Why We Must Release Control to Empower Students

A teacher begins to release control to empower students in a classroom practicing Shared Inquiry

When I was first training for the Great Books Foundation, which was many, (gulp) many years ago, I encountered a teacher who at the time had been teaching for more years than I had been alive. She sat with her arms crossed, her lips pursed, and a scowl on her face through the first part of the morning. As a new trainer, I had already encountered a few teachers who were reluctant about using the method of Shared Inquiry in their classrooms, but after an engaging discussion of “Jack and the Beanstalk,” the reluctance would fade and they would become willing and excited participants. They would quickly start to realize why we must release control to empower students.

This teacher was having none of it. She complained that her students would not be capable of doing such high-level thinking and that they needed scaffolding and guidance to find the correct answers.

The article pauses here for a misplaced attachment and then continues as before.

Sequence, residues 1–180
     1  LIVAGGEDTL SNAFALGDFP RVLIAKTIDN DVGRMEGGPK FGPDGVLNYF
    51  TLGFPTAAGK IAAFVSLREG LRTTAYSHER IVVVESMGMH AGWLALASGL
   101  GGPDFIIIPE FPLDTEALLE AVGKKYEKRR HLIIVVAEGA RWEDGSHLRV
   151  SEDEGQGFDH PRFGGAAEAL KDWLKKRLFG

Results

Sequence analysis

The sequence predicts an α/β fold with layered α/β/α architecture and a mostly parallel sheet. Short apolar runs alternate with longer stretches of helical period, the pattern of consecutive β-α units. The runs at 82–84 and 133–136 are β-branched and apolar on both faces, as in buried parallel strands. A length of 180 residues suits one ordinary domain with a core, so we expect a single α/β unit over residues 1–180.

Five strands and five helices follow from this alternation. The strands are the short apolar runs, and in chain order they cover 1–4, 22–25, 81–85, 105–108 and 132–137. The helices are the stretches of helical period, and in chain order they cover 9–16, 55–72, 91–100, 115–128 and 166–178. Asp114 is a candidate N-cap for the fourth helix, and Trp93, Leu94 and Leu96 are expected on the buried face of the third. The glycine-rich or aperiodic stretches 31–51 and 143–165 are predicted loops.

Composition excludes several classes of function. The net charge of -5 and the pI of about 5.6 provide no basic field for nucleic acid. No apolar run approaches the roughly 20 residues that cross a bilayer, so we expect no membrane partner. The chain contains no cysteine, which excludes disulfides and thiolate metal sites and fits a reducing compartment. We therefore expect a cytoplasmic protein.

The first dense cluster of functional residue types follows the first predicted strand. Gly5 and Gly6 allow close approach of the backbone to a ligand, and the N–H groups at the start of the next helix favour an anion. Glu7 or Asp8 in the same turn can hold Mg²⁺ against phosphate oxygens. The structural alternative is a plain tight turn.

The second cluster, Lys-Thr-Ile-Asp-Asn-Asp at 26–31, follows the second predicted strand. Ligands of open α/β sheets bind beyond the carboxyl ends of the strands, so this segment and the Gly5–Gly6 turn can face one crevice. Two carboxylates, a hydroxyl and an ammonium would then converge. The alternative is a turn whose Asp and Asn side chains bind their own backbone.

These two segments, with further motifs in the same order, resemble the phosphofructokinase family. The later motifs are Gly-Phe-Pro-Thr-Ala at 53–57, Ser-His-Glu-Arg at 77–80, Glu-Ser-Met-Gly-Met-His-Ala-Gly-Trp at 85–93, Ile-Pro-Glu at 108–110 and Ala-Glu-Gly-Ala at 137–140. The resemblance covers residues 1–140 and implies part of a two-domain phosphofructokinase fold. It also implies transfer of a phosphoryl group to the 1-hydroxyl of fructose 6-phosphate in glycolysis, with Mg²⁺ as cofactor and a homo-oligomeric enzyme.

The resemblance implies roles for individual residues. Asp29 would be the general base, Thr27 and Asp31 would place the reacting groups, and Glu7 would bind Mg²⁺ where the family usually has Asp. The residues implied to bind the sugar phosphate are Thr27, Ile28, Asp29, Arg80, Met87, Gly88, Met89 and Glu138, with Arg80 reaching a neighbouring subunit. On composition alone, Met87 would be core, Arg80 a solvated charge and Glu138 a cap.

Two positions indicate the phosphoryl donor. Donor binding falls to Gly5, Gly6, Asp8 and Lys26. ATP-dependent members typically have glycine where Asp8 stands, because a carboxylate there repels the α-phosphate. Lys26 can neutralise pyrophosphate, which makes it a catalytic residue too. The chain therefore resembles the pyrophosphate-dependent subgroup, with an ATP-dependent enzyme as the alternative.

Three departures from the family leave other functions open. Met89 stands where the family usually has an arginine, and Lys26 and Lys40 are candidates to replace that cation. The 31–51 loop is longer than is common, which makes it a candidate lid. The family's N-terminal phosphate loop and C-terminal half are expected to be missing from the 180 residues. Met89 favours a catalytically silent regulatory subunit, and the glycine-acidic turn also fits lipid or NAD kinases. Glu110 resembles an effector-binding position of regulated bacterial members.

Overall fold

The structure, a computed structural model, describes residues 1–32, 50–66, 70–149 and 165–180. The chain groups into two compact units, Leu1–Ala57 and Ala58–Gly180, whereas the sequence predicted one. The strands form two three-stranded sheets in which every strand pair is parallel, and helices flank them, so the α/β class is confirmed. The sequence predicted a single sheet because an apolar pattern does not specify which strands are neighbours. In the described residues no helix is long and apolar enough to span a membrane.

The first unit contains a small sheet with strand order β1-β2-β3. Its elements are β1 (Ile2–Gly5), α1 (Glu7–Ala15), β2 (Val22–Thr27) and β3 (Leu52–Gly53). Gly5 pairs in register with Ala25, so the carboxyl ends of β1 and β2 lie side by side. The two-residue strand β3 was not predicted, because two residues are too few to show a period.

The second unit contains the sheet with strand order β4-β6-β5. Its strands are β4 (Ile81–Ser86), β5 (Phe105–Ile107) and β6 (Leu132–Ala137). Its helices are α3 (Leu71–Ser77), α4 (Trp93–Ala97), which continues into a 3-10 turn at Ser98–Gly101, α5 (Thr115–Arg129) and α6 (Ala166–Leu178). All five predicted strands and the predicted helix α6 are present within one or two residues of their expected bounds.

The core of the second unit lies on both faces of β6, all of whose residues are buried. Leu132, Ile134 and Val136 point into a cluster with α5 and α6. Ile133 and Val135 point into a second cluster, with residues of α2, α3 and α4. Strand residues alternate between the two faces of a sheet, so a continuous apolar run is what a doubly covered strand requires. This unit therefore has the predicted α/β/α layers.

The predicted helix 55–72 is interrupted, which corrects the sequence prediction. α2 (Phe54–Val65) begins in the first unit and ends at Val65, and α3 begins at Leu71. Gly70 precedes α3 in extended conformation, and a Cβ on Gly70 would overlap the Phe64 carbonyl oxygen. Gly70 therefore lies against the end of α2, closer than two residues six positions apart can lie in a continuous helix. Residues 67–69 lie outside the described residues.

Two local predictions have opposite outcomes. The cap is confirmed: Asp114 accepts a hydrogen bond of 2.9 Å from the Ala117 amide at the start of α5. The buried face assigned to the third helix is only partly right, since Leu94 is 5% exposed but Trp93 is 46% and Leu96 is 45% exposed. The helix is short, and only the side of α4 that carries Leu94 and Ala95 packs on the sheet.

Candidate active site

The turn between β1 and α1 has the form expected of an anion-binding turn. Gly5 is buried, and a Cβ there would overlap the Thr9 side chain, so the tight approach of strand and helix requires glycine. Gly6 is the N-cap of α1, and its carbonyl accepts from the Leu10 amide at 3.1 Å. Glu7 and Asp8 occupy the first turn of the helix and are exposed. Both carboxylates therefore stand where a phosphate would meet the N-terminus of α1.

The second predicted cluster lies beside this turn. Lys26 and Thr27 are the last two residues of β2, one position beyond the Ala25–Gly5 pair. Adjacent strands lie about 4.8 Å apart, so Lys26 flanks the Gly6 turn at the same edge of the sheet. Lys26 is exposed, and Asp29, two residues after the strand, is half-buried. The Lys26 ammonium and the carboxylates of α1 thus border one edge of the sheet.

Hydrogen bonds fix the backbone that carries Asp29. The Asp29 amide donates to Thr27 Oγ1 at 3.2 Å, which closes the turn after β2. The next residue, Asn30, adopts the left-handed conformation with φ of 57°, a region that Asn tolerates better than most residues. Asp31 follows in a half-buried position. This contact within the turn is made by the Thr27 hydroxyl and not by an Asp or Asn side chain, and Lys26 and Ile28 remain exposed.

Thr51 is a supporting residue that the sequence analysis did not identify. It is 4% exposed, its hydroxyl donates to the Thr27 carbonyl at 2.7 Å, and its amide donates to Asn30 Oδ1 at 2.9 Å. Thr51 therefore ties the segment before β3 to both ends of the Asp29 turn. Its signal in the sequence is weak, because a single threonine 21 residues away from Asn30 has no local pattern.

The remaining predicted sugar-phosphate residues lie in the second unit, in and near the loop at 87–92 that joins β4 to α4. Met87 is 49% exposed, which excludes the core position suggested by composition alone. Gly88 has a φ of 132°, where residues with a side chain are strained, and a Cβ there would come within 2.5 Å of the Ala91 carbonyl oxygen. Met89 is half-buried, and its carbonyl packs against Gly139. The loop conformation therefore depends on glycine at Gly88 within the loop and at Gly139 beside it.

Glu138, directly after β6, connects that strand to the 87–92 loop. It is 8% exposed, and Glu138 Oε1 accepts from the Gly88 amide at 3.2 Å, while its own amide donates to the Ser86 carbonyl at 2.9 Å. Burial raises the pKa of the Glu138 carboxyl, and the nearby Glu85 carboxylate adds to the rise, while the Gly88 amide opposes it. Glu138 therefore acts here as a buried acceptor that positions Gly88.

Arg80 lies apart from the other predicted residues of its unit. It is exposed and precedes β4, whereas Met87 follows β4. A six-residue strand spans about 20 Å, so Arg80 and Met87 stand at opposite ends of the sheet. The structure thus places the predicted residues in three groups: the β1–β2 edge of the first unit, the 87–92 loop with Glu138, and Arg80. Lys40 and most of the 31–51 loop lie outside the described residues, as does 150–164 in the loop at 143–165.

I forged ahead. We reached the part of the course when each teacher paired up with another teacher to co-lead a practice discussion with a small group. She muddled through her discussion until she turned to me and said, “I don’t like this at all. If we have these discussions, the students will be able to think for themselves.”

She paused after she said it and softened. She apologized.

I believe that what she realized in that moment—as most teachers who train in the method of Shared Inquiry do—was that there is a shift that requires teachers to release control in order to empower their students. I believe she struggled with the idea of letting her students voice their opinions, imagining a cacophony of voices that would spiral into unfocused chatter.

I tell this story to focus not on her resistance but on the moment when she let go. I think my own learning as a leader of classroom discussions shifted when I let go of any preconceived ideas or expectations I had about the ability of students to engage. I had to be open to hearing what students said in their own words and to following where they led. And to do that, I needed to let go and listen authentically.